For close to 80 years, the international sailing calendar has been brought to a spectacular finale with one of the most legendary contests in the sport.
The Rolex Sydney Hobart Yacht Race has acquired a reputation that has long transcended yachting’s traditional frontiers. The race and its organizer, the Cruising Yacht Club of Australia (CYCA), have been supported by Rolex since 2002, and are cornerstones of the brand’s long-standing relationship with the sport.
There is a natural affinity between Rolex and epic yacht races such as the Rolex Sydney Hobart Yacht Race, where charting a successful course requires an unwavering commitment, a wealth of experience and sharp intuition. One of the toughest tests of sailing ability, the race sits alongside the equally venerated Rolex Fastnet Race as a pillar of Rolex’s privileged partnership with yachting.
Tom Slingsby, a Rolex Testimonee, decorated athlete and one of Australia’s finest sailors, is well positioned to offer a perspective on the appeal of the “great race south”. The six-time participant and line honours winner in 2016 says:
“Within offshore sailing, everyone wants to be able to say they have done the Rolex Sydney Hobart Yacht Race. It is one of the world’s great challenges that attracts sailors from around the globe and all backgrounds. Whether you are trying to win or just complete the course, we are all drawn by a passion for the sea and the enormity of the task.”
This year’s race begins, as always, on 26 December, and is expected to welcome a highly competitive fleet of over 110 yachts, including several international entries. The crews will be seeking to emulate the achievements of some 60,000 sailors and 7,500 yachts who have embraced the challenge since the event’s creation in 1945.
Aside from its distinct slot in the global sporting schedule, the Rolex Sydney Hobart Yacht Race is noted for drawing hundreds of thousands of spectators to watch the start of the race from the shoreline or on the water, in addition to those following live broadcasts. This breathtaking moment on Sydney Harbour is must-see viewing throughout Australia, and with fans around the world.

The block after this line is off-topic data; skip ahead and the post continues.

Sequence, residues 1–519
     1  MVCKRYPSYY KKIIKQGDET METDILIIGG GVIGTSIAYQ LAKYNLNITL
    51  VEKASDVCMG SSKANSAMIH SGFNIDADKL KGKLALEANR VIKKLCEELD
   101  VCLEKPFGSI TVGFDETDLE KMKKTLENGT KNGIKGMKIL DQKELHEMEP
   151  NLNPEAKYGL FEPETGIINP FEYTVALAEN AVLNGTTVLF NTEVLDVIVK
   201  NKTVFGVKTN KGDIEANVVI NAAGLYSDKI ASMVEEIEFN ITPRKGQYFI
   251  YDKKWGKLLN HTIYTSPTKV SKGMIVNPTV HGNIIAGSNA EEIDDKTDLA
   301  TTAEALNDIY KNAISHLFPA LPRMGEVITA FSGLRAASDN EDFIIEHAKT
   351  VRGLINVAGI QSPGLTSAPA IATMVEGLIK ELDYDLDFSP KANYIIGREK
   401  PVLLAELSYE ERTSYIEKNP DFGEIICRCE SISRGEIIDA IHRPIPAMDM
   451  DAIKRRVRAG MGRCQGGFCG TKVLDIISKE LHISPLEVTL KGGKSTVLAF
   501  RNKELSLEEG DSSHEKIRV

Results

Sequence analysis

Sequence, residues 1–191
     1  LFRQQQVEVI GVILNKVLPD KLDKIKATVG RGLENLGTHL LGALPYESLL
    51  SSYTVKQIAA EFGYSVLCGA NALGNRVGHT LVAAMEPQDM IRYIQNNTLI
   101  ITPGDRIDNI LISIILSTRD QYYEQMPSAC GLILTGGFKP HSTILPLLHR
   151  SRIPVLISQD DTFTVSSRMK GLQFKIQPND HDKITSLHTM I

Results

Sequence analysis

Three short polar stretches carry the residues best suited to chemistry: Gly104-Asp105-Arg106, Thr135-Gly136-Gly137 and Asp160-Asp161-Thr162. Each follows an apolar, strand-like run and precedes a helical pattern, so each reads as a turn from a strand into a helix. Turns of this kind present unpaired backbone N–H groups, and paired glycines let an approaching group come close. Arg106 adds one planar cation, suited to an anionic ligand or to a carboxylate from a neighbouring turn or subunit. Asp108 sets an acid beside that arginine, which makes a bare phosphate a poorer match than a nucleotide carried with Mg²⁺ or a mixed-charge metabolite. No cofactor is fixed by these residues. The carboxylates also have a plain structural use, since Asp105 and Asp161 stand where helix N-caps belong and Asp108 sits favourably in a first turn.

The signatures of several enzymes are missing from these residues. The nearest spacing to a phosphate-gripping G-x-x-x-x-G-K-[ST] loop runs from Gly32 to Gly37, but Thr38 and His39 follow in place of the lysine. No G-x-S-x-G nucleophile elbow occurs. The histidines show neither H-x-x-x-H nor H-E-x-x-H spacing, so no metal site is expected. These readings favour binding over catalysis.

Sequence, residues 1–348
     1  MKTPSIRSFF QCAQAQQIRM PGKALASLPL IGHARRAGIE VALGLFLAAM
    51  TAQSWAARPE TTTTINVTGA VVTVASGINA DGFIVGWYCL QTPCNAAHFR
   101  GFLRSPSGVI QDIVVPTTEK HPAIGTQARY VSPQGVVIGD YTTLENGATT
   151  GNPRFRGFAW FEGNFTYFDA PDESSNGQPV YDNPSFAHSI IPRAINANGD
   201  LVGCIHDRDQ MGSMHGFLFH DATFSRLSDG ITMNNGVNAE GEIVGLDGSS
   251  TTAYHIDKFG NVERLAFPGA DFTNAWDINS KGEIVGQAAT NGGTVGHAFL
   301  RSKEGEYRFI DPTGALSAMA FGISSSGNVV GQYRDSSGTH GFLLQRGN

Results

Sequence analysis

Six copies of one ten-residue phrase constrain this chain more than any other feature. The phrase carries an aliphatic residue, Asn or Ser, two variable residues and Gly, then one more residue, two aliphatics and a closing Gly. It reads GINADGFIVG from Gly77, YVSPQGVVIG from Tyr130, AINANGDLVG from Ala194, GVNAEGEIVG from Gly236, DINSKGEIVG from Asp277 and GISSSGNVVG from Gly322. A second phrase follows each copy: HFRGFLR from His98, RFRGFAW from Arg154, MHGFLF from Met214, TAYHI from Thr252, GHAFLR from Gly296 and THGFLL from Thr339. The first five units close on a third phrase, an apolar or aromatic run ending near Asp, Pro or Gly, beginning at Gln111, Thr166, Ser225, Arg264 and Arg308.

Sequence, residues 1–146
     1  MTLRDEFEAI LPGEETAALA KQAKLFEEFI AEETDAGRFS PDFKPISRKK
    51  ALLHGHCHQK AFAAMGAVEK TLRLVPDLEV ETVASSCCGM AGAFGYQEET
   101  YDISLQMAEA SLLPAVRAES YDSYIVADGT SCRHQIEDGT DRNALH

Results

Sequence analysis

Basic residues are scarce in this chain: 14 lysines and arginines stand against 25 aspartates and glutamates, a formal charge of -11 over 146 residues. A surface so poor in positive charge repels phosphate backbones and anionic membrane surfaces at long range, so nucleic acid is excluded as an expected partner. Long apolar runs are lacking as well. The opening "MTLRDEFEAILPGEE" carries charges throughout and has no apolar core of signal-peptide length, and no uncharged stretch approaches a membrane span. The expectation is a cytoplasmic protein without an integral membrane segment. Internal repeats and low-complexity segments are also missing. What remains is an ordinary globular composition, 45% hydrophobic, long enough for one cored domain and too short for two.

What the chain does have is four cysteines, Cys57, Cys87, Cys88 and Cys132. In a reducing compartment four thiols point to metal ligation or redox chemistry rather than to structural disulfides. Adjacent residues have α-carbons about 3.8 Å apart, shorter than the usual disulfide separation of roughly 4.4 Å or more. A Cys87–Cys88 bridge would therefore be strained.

The 628-nautical mile (1,163 kilometre) course has several key features, most notably the crossing of the easternmost edge of the exposed Bass Strait, a notorious expanse of water. Conditions can be extremely changeable. In the same race, competitors are often exposed to punishing and violent waves, and then periods when the sea is calm as the wind fades. The final, often arduous, stretch up the Derwent River into Hobart can be among the most demanding as crews summon the last of their physical and mental resources. Once over the finish line, a warm welcome is guaranteed through the collaboration and support of the Royal Yacht Club of Tasmania.
For the front-running yachts competing for line honours and the public acclaim that greets the first finisher, the course typically takes two days to complete. Over the decades, owners of the world’s fastest monohull yachts have made it their objective to succeed at the Rolex Sydney Hobart Yacht Race. A steely focus is required to prevail in the face of spirited and similarly determined opposition. The race record, set in 2017, sits at 33 hours, 15 minutes and 24 seconds.
Rolex is proud to be associated with a race that demands precision, dedication and the highest level of performance from the athletes and their boats, as well as one whose organizer plays a key role in ensuring the future of the sport. Like so many of the great offshore races, the Rolex Sydney Hobart was conceived by intrepid Corinthian sailors. Over time its reputation has grown, enticing sailors of all backgrounds and ambition. Yachts range in size from 30 feet (9 metres) to 100 feet (30.5 metres), and whether crew members are amateur or professional, completing the race is a significant milestone.
Arthur Lane, Commodore of the CYCA, reflects on what competing in the race means:
“The common denominator at the Rolex Sydney Hobart Yacht Race is a deep enthusiasm for the sport of sailing and a willingness to test oneself against one’s peers and the elements. The race has an enduring appeal and continues to inspire younger generations. The close support of Rolex throughout the past 21 years has been a significant factor in its continued evolution.”
Tom Slingsby, likewise, appreciates the scale of the event:
“I have a lot of respect for anyone who races offshore. It is tough when you hit bad weather and you are going up wind in 30 knots of breeze and big waves, day in, day out, particularly on a smaller boat. It is really tough, both mentally and physically, and for me these big ocean races are the ultimate challenge in yacht racing.”
Just as Rolex stands for precision and high-level performance in everything it does, offshore racing sailors must summon the same qualities if they are to complete the exacting course. For the overall winner on corrected time, the iconic Tattersall Cup and a specially engraved Rolex Yacht-Master watch await, along with a place in sailing legend.